This post was written by Gretchen Hammer, a previous member of our team.
The past two weeks I have been immersed in reading about the history of CCMU. Our organization started 15 years ago this month as a vision among a broad group of people who believed (according to our first conference program) we needed to start a conversation about “dealing with the problems and solutions to providing care to Colorado’s medically indigent population.”
What has struck me most as I have pored over these boxes of rich history is the consistency in the approach to our work over the years. The program from that very first conference, our launching off point in March 1997, included sessions that spanned the strategies we thought necessary to find the solutions--having sound data, educating and engaging broad stakeholders, involving community, changing delivery systems, and impacting policy. These strategies remain at the heart of CCMU’s work today.
Many of the people are the same, too! One of our current board members led a breakout session at our first conference. Members of the 1997 conference planning committee are still members of our coalition. The thousands (and I mean thousands) of emails and meeting minutes I have read have reminded me of the deep commitment and unwavering dedication of many of my current colleagues who were involved in the early work of CCMU. I can’t wait to see all these incredible health care leaders in one place during our 15 Year Celebration Party in May. More details on that coming soon!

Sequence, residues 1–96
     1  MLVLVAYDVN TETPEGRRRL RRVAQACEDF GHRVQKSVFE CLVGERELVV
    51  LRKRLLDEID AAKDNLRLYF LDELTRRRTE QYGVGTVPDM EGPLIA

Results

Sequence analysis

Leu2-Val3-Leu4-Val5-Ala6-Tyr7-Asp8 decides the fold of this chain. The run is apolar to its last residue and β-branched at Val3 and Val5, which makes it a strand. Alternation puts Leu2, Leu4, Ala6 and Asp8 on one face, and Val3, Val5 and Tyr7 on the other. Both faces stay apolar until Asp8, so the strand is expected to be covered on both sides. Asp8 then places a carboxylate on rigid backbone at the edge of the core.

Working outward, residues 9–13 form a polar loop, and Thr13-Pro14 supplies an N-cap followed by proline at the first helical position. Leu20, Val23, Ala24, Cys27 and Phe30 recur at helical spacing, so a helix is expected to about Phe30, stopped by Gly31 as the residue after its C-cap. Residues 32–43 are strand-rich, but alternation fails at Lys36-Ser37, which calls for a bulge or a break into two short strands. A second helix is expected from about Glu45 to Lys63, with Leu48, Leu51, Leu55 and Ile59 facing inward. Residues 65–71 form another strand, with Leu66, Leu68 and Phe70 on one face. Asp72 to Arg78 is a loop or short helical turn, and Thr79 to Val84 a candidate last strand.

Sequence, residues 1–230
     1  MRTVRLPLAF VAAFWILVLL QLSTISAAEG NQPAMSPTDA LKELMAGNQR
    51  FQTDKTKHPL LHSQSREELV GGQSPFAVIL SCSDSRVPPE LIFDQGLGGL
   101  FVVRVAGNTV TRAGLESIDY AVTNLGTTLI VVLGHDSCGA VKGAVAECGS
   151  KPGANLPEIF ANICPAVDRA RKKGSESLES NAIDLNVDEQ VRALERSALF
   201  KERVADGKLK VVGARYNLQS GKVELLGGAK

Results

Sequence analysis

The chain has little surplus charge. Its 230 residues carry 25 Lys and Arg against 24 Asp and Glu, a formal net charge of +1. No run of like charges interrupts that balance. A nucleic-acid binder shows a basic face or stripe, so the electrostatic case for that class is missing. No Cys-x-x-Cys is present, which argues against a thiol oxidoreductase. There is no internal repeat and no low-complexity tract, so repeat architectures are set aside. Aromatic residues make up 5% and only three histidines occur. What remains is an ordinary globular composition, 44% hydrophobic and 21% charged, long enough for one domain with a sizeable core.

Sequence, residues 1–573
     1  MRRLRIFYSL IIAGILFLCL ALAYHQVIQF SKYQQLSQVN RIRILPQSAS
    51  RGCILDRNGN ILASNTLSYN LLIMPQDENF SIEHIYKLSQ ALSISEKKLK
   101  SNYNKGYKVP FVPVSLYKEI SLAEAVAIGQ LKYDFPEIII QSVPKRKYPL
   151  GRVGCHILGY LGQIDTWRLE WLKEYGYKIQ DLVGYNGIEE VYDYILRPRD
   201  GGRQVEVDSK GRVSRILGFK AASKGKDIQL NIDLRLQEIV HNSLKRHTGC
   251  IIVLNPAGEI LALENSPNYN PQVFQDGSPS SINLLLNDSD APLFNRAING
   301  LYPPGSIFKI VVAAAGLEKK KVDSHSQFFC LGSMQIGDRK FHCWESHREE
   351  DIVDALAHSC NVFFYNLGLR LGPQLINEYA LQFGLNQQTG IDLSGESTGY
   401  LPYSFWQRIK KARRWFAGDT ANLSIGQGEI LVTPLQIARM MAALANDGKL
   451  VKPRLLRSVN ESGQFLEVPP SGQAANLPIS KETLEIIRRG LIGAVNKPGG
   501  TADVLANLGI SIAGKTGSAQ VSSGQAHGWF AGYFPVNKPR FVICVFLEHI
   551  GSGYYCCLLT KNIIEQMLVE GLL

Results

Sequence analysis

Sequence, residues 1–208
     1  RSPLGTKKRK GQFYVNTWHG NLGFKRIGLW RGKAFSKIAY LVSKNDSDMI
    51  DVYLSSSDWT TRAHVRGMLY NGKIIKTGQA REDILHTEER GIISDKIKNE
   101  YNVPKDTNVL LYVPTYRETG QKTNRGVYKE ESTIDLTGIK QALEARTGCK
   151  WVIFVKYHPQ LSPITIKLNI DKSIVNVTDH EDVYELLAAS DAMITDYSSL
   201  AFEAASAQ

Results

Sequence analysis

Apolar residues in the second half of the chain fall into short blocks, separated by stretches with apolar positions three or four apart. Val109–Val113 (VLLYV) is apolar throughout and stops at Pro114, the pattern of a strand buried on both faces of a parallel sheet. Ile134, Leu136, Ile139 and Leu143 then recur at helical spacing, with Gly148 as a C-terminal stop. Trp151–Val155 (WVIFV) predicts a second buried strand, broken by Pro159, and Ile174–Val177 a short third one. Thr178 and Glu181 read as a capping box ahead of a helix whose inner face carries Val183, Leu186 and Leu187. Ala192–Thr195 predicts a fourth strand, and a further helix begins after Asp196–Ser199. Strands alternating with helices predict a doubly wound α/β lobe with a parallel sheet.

Unfortunately what is also the same is that we have too many people in our state who face real and significant barriers to getting the care they need to lead healthy and fulfilling lives. In our early days, our definition of medically underserved was, “any person who cannot access medical, dental, or mental health services in sufficient quantity or quality to improve their health because of socioeconomic, language, cultural, geographic or other barriers.” This definition holds true for us still today, especially as we continue to better understand the intersections between health, income, education, race and community.
We remain optimistic though that the strategies we are using are right and that with our current team of incredible staff and Board, we will continue to find ways to improve care for the underserved. In our 2003 Annual Report, Dr. VanderArk started his letter saying, “Alice in Wonderland says, ‘There is no use in trying...one cannot believe in impossible things.’ She is wrong. CCMU is made up of people who believe in and accomplish impossible things.” He was right and I am so proud to be part of this incredible history.